Have you been misinformed about the detrimental effect of sun exposure? In truth, sunlight can be quite healing. The body produces vitamin D when the skin is basked in sunlight and many people are deficient in this vital nutrient. More and more evidence is showing that vitamin D plays a crucial role in disease prevention and wellness. There are about 30,000 genes in your body, and vitamin D affects nearly 3,000 of them, as well as vitamin D receptors located throughout your body. According to one large-scale study, optimal Vitamin D levels can slash your risk of cancer by as much as 60 percent. Keeping your levels optimized can help prevent at least 16 different types of cancer.[i] The most effective way to check your vitamin levels is via a blood serum test.
Many sunscreens on the market block UVB rays which assist with vitamin D absorption, yet they do not block the more dangerous and potentially deadly UVA rays. The term ‘broad spectrum’ sunscreen would be refers to those that generally block both UVB and UVA rays.
It is interesting to note that Melanoma is occurring in areas where sunscreen is used the most and melanoma rates are highest among those that avoid the sun and work in indoor urban environments. In particular, a BMJ (British Medical Journal) study found that working under fluorescent lights had doubled the risk of melanoma in the subjects of the test group. So although studies fail to prove that sunscreens prevent basal cell cancers and melanoma, most public health officials still insist that sunscreen use or abstinence from the sun is our best protection.[ii]
So it would seem that sunlight may not be the antagonist as has been conveyed. Keep in mind that the wavelength of UVB and UVA are different. So, when you are indoors and expose yourself to sunlight filtered through window glass, you are increasing your risk of a variety of conditions, primarily skin cancer, because the UVA's are effectively destroying your vitamin D3 levels while you're getting none of the benefits from UVB, and this can significantly increase your risk of skin cancer.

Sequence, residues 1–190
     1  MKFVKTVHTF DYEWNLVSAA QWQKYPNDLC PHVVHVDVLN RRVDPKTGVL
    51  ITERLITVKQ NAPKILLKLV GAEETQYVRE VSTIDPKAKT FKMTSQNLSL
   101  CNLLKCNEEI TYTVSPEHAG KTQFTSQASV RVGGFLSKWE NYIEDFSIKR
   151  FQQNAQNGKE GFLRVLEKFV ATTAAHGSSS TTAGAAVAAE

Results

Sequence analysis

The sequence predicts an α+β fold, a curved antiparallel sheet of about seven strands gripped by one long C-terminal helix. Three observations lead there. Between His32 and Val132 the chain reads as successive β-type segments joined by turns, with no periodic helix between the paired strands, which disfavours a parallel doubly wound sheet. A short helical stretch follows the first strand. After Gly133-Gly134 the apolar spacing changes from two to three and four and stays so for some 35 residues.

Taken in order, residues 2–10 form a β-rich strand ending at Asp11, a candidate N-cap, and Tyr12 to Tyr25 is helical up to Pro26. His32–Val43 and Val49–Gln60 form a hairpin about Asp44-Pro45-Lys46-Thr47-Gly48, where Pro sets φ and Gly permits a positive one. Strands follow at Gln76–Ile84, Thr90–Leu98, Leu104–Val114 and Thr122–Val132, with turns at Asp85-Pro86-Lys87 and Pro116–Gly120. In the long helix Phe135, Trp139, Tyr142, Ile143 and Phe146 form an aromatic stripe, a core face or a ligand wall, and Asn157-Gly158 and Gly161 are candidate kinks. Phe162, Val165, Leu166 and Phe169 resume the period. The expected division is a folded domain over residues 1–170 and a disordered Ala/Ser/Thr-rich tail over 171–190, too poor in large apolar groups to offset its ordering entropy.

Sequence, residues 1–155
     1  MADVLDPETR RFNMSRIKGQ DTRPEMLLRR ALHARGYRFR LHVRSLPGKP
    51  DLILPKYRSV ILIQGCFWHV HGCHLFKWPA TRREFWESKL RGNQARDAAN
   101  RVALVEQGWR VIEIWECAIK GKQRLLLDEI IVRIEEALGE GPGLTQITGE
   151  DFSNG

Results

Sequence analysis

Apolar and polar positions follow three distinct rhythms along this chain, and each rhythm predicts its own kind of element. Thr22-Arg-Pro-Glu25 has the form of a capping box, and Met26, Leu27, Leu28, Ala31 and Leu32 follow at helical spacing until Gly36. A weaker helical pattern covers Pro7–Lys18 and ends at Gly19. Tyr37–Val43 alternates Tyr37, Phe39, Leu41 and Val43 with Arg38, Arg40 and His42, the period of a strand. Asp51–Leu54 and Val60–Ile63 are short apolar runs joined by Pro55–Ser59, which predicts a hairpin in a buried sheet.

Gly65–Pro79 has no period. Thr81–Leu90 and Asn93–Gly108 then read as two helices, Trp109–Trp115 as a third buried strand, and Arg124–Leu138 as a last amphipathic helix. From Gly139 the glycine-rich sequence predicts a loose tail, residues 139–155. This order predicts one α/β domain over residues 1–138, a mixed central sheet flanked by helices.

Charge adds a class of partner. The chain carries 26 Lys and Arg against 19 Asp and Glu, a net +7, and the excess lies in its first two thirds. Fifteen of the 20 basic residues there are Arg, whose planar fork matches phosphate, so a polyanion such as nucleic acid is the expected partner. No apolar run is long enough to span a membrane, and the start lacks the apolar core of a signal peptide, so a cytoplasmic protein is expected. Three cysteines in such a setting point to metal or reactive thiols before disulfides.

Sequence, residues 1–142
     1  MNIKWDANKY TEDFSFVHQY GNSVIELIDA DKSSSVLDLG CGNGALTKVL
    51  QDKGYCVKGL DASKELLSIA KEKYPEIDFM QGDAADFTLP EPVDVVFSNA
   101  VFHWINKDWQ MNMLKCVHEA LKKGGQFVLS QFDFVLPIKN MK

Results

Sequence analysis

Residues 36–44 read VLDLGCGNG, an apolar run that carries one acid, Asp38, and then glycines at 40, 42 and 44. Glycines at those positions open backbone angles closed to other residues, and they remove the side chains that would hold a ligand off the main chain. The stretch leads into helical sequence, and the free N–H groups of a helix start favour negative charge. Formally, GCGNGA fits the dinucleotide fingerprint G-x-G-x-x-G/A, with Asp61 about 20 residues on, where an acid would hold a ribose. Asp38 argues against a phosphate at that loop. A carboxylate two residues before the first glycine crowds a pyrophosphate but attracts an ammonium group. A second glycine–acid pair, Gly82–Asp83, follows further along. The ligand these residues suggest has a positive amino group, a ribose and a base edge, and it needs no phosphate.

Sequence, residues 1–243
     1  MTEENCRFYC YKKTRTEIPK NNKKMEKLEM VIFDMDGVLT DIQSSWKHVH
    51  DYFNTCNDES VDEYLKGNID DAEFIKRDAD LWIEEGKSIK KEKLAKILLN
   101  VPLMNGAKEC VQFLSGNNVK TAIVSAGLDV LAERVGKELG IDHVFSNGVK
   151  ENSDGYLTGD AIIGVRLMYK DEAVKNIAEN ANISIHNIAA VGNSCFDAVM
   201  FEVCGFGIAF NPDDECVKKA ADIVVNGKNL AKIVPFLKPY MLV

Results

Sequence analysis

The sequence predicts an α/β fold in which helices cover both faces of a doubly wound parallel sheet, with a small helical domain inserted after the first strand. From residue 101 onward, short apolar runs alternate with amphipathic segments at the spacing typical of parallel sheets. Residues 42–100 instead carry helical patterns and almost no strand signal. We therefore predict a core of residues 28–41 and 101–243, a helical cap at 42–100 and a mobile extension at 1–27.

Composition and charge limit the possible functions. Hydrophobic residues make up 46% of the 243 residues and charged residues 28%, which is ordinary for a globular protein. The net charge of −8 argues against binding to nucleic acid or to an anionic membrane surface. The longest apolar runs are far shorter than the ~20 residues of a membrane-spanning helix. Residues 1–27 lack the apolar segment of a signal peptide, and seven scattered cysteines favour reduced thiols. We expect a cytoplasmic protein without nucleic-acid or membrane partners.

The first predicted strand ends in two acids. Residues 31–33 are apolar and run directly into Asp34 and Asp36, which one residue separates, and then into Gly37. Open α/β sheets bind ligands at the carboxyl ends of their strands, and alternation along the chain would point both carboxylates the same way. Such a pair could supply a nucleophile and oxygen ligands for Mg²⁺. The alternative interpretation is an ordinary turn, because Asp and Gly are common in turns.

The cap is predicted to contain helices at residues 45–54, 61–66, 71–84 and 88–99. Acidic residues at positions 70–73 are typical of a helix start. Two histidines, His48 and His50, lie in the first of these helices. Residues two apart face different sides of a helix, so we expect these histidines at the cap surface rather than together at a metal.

What can you do?
If you are planning travel which will include a lot of time in the sun, consider preparing your skin with some short term UVB exposure via lamps with a reasonable percentage of UVB rays. A time of 10 to 15 minutes may be sufficient.
Make sure that you and your children obtain gradual, limited sun exposure in the summer while avoiding that exposure between 11:00 and 3:00 PM. A few minutes in the sun, twice a day, may be helpful for absorption of vitamin D. Beyond that you can seek out shade, wear a large brimmed hat, move to the indoors, wear clothes to cover exposure and always protect your eyes.
Carefully select sunscreen products that have natural, mineral based ingredients, are free from synthetic sun ingredients and are safe, non-toxic, preservative free and bio-degradable. Avoid a form of vitamin A called retinyl palmitate. Consider using EWG’s guide to sunscreens: https://www.ewg.org/sunscreen/report/executive-summary/
[i] Mercola, J., Little Sunshine Mistakes That Can Give you Cancer Instead of Vitamin D. March 26, 2012 from:
[ii] Uncovering the Truth: Sun exposure, Sunscreen, and Skin Cancer. Pathways Magazine. Summer 2004, I(02)